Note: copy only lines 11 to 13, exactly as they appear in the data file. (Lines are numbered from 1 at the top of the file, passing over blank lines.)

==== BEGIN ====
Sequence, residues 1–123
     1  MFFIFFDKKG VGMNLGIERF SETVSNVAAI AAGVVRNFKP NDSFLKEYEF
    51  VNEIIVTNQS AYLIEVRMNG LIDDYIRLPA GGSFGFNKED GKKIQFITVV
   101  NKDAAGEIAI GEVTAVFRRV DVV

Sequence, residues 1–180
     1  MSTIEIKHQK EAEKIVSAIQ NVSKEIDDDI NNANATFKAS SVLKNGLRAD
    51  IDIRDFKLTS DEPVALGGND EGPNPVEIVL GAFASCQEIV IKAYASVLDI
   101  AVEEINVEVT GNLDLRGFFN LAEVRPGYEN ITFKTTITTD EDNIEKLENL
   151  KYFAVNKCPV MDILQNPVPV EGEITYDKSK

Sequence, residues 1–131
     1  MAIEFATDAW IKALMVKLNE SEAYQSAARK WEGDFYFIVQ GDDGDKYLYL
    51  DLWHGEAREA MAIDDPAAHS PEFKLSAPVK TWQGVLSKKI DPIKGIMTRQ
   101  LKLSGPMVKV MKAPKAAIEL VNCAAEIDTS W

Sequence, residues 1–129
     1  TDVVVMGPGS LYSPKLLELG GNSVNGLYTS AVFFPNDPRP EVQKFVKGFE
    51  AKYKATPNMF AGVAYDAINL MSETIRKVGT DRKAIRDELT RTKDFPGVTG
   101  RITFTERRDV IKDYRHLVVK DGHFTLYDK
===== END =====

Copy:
     1  MAIEFATDAW IKALMVKLNE SEAYQSAARK WEGDFYFIVQ GDDGDKYLYL
    51  DLWHGEAREA MAIDDPAAHS PEFKLSAPVK TWQGVLSKKI DPIKGIMTRQ
   101  LKLSGPMVKV MKAPKAAIEL VNCAAEIDTS W